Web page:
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FrightFest Interview: John Rosman for NEW LIFE

Updated: Feb 4

Personal apocalypse


New Life's new poster from Cardiff-based artist Matt Needle

Recently released to ferociously positive reviews at Fantasia, John Rosman’s debut feature, New Life, has become quite the breakout and a major discovery of the film festival. Set on the precipice of a global pandemic a resourceful agent, Elsa tracks down patient zero, Jess in her desperate attempt to cross the Canadian border. Where one woman is unaware of the disease she is carrying, the other must face the harsh reality of a recent ALS diagnosis, making her all the more determined to aid in humanity’s survival. John discusses the central theme and the decisions involved in handling this sensitive horror tale.


We’ll get to the central inspiration, but were there any filmmakers and particular films that inspired New Life?


Definitely. Probably my biggest influence throughout is Kelly Reichardt, specifically Wendy and Lucy, but also elements of Old Joy and Night Moves. Having lived in Oregon for a while, Reichardt has this unmatched talent to create immersive films with such captivating performances the film almost becomes invisible. She’s so good and captures something so honest about living in Oregon. It’s also a horror movie. Big influences there are Cronenberg’s The Fly, Repulsion, The Vanishing and the HBO series Chernobyl.

John Rosman, director of New Life. Photo by Noah Dye. for MovieMaker

The film is very much hinged on two performances. One that is based on a very real disease and another on something slightly more removed. Were you afraid at any point that what Elsa has to deal with could become overshadowed by the more apocalyptic themes? How did you make sure this element served the story as well as it did without being overshadowed?


That’s a great question. It’s something me and Sonya Walger, who plays Elsa (the character who has ALS in the film), took very seriously. To me, there was a great opportunity to tie working through the stages of grief with a life-altering disease within a horror landscape. But the risk is being tone-deaf or insensitive. The only way to at least try and make this part of the film not get overshadowed by the horror stuff is, I think, to make it feel honest. So, we did a lot of work.


I researched and talked with people across the spectrum who deal with ALS — doctors, family members — as well as consulted with people currently living with the disease. An amazing collaborator on this journey was Dagmar Munn. She’s a columnist with ALS Today who writes about living well with ALS. She’s an amazing writer whose work helped develop our character. But she was also incredibly generous with her time and patient with my dumb questions. Munn led us to find our actress, Lisa Cross (who plays Laura in the film). We were so lucky to get Lisa — she’s a knockout. Anyone who watches it will see, Lisa Cross is a brilliant actress. Her experience with ALS helped shape her character into something more true and gave our film a little more grounding with reality. I let my research shape those elements of the character, and in doing so I found Elsa’s arc. There’s this radical optimism I came across again and again. So many people who face this terrible disease spoke to me with optimism and hope. I found it deeply moving. It speaks to something so profound about life and the human condition, and, to me, that was a powerful journey for the hero to go on.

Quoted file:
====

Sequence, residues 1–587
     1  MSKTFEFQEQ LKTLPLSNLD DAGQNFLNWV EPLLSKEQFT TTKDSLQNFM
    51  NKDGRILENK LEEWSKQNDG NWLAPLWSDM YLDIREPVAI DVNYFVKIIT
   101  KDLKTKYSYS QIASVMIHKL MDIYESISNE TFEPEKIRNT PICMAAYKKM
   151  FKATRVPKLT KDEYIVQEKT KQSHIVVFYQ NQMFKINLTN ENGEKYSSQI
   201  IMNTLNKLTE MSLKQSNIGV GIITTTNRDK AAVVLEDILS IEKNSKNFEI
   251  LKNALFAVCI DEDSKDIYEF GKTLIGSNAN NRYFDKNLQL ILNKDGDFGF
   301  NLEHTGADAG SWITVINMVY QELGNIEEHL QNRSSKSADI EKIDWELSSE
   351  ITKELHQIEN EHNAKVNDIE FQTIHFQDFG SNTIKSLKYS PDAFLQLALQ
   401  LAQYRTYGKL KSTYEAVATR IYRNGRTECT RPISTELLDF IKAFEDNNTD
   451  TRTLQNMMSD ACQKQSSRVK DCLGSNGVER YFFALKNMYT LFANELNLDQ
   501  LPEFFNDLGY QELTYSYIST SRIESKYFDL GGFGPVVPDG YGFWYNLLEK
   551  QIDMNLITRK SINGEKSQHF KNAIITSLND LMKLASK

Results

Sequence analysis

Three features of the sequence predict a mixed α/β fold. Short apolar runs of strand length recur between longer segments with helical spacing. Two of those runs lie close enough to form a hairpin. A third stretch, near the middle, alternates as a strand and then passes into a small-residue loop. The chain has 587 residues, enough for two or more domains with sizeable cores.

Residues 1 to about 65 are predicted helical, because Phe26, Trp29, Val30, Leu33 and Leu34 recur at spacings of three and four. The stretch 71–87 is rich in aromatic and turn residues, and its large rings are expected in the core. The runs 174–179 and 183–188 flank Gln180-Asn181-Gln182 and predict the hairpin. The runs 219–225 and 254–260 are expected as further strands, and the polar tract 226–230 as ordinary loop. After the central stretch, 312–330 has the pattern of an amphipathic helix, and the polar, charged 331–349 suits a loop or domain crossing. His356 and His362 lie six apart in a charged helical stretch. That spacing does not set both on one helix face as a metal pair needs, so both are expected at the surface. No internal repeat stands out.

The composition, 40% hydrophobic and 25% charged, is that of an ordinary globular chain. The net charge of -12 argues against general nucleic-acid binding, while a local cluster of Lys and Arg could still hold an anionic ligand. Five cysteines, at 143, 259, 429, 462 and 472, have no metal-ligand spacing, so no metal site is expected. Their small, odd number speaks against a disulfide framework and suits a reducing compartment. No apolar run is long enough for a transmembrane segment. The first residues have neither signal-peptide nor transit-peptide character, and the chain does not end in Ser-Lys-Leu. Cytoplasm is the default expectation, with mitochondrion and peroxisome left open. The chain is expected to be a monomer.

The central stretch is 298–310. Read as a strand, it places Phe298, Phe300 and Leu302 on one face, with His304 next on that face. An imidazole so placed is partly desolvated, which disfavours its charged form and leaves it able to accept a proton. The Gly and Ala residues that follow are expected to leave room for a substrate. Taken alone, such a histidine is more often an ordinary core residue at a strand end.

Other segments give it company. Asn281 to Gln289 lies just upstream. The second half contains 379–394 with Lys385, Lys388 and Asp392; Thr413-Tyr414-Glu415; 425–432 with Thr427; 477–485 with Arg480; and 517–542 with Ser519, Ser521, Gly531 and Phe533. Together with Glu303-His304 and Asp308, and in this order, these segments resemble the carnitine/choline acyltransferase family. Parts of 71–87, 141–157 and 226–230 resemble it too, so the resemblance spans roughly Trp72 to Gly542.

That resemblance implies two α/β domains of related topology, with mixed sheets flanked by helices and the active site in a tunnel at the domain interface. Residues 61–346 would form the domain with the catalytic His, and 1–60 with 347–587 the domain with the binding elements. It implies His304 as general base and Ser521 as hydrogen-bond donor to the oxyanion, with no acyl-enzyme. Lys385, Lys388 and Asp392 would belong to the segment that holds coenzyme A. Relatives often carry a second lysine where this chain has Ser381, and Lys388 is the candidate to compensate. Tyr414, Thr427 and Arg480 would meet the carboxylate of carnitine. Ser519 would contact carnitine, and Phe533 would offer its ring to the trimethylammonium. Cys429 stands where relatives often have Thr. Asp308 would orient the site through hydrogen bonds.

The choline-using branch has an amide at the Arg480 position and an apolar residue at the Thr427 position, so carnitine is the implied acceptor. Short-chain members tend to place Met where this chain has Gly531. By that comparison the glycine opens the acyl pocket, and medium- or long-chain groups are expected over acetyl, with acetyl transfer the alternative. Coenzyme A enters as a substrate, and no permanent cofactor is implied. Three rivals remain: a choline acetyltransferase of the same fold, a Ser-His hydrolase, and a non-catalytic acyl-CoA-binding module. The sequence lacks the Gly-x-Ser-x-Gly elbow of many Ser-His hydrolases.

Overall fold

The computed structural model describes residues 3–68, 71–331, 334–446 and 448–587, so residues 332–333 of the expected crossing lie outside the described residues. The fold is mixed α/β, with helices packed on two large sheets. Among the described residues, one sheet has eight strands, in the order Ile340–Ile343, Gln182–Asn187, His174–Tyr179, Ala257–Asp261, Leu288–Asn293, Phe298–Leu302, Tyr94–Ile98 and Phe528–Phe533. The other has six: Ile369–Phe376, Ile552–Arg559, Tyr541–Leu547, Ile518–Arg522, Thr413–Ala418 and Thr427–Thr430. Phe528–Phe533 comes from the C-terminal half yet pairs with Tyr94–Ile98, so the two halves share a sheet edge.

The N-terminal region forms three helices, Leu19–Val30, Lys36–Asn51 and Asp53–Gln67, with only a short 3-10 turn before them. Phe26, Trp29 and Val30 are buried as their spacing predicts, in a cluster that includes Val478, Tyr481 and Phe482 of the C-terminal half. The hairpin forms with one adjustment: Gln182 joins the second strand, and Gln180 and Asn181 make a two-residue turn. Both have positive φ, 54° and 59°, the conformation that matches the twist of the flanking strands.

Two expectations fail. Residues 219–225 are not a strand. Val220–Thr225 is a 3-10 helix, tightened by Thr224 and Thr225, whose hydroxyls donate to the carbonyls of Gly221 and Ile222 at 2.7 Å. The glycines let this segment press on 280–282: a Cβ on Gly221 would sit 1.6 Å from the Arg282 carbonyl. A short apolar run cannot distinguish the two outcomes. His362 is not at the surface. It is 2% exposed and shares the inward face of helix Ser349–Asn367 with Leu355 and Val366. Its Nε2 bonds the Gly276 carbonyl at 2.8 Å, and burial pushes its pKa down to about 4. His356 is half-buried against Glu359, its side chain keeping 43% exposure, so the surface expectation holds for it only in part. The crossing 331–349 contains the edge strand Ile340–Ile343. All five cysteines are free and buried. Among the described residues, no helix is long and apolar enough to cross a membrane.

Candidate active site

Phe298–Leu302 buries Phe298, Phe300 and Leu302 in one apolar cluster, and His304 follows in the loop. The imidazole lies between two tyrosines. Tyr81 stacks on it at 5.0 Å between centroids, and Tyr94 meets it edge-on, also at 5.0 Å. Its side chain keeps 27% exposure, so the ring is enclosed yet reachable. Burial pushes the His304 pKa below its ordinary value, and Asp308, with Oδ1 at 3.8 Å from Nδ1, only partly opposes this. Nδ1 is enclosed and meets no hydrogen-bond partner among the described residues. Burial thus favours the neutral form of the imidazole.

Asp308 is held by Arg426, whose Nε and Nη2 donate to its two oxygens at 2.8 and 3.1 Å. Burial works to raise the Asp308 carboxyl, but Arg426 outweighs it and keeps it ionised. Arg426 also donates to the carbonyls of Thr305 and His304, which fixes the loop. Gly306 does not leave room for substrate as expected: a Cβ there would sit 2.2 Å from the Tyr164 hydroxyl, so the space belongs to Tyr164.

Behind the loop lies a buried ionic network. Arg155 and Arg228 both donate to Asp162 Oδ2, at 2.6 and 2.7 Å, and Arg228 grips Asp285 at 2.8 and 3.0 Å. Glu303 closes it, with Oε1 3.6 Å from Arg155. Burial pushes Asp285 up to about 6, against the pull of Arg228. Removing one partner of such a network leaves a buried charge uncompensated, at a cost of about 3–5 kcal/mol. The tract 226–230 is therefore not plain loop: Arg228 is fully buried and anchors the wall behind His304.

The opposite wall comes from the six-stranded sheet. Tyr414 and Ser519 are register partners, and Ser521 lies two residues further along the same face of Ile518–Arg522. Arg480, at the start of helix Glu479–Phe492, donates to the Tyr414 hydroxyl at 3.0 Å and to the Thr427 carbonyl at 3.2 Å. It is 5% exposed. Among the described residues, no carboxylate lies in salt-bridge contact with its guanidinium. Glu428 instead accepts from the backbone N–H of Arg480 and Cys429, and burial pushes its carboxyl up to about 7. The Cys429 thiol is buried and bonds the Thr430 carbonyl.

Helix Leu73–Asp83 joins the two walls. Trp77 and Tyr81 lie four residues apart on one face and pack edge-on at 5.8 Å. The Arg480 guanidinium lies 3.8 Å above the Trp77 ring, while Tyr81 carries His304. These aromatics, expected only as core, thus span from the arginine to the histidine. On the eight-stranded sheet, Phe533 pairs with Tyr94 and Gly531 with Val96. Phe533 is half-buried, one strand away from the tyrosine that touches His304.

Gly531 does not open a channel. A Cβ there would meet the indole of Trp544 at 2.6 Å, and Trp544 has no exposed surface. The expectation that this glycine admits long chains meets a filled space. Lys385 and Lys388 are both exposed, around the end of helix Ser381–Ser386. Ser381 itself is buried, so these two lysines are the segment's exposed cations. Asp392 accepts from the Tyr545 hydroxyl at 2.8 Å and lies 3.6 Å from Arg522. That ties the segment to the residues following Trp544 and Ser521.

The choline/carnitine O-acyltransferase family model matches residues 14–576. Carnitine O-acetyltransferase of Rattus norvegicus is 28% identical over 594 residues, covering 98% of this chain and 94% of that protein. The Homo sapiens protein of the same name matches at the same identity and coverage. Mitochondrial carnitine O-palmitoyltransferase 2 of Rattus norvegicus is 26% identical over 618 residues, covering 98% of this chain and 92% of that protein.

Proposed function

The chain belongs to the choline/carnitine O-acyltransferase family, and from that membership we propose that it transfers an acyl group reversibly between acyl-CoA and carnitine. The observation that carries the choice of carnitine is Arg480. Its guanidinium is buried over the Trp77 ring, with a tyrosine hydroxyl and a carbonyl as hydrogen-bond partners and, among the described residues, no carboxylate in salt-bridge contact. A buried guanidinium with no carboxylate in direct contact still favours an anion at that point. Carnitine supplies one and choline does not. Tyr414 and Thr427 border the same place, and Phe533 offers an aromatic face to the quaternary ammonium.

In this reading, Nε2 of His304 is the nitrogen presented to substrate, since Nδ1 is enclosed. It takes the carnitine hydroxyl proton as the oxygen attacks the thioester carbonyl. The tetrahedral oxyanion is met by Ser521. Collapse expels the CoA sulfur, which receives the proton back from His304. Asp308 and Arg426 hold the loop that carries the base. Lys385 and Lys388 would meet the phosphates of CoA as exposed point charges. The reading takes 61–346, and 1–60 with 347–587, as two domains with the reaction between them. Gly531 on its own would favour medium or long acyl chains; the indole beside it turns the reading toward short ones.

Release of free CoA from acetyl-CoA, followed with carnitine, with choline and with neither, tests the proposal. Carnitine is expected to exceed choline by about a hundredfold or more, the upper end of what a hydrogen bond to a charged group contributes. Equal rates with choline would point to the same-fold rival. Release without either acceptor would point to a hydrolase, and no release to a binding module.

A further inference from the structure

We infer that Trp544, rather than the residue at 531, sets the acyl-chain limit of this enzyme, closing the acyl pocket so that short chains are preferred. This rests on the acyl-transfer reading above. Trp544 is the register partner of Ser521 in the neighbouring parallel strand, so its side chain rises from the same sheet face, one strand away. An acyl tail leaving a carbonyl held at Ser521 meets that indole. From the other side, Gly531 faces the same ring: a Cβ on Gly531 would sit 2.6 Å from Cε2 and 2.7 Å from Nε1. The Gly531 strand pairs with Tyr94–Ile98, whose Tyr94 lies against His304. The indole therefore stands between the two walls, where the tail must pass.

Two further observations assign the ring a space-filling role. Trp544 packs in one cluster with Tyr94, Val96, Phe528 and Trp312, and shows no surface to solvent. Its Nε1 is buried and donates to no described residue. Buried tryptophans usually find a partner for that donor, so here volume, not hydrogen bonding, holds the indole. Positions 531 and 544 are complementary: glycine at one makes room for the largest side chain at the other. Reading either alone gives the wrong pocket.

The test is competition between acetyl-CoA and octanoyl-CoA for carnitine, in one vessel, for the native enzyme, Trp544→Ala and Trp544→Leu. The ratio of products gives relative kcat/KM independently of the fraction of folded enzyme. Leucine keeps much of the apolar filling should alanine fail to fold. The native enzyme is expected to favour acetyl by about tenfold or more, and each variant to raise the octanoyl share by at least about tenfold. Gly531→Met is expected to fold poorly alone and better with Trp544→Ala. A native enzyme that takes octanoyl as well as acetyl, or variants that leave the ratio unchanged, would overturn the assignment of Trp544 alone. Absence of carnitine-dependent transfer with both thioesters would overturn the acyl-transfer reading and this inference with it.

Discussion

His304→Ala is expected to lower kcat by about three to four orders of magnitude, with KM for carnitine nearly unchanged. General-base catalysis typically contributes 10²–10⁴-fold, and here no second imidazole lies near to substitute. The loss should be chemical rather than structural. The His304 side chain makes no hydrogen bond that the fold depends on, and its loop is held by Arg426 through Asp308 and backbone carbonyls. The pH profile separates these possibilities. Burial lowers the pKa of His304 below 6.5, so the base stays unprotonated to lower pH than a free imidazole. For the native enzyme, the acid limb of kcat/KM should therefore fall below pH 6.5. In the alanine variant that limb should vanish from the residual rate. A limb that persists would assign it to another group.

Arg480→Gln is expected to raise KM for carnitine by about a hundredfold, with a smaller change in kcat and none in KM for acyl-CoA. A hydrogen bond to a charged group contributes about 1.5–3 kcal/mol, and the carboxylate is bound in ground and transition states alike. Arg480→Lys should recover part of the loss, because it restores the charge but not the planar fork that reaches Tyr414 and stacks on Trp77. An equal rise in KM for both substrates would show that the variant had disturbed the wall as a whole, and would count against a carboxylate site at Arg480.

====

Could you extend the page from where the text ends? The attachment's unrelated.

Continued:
Main inspiration: the late Summer Whisman

I love how sensitively you have approached the subject matter and shaped a character around what moved you while working as a journalist. Important stories. Did the inclusion of ALS in the story evolve at all? For example, was the story always going to involve a character dealing with her own illness against the backdrop of a pandemic or was it something much smaller to begin with?


Thank you, that’s a really nice thing to say! The inclusion of ALS was something that developed in later scripts. The goal grew into tying both of the character’s stories together to the point where it’s hard to tell where one ends and the other begins. The initial spark was actually from my journalism days. We interviewed a young woman, Summer Whisman, who was my age at the time, but also had ALS. But she was also a storyteller and wrote a beautiful memoir. I read it and it always stayed with me because, like Dagmar, like Lisa, even though she was honest about the reality of the disease she also still found so much beauty in the world.


Did you ever question that post-COVID, audiences may not be ready to sit through any film that reminds them of what happened?


Of course. I don’t even think I’d want to sit through a post-COVID movie. There are so many idiotic choices I made that make this film impossible to market (for example, you can’t share the best images of the movie, the main character doesn’t talk for like the first 20 minutes of the movie, etc., etc.). But I don’t know, those choices I felt were right for this story.


What is your hope that people take away from the film?


You know, in one of my screenings I sat in front of two teenagers. One was soooo completely bored during the first half of the film. And I don’t blame him. It’s slow and methodical, and it sure doesn’t feel like a horror movie. But then once we started getting going. He sat up and started hitting his friend and was totally into it. That was good enough for me.



New Life has its European premiere at FrightFest on Friday 25th August. Book your tickets now.

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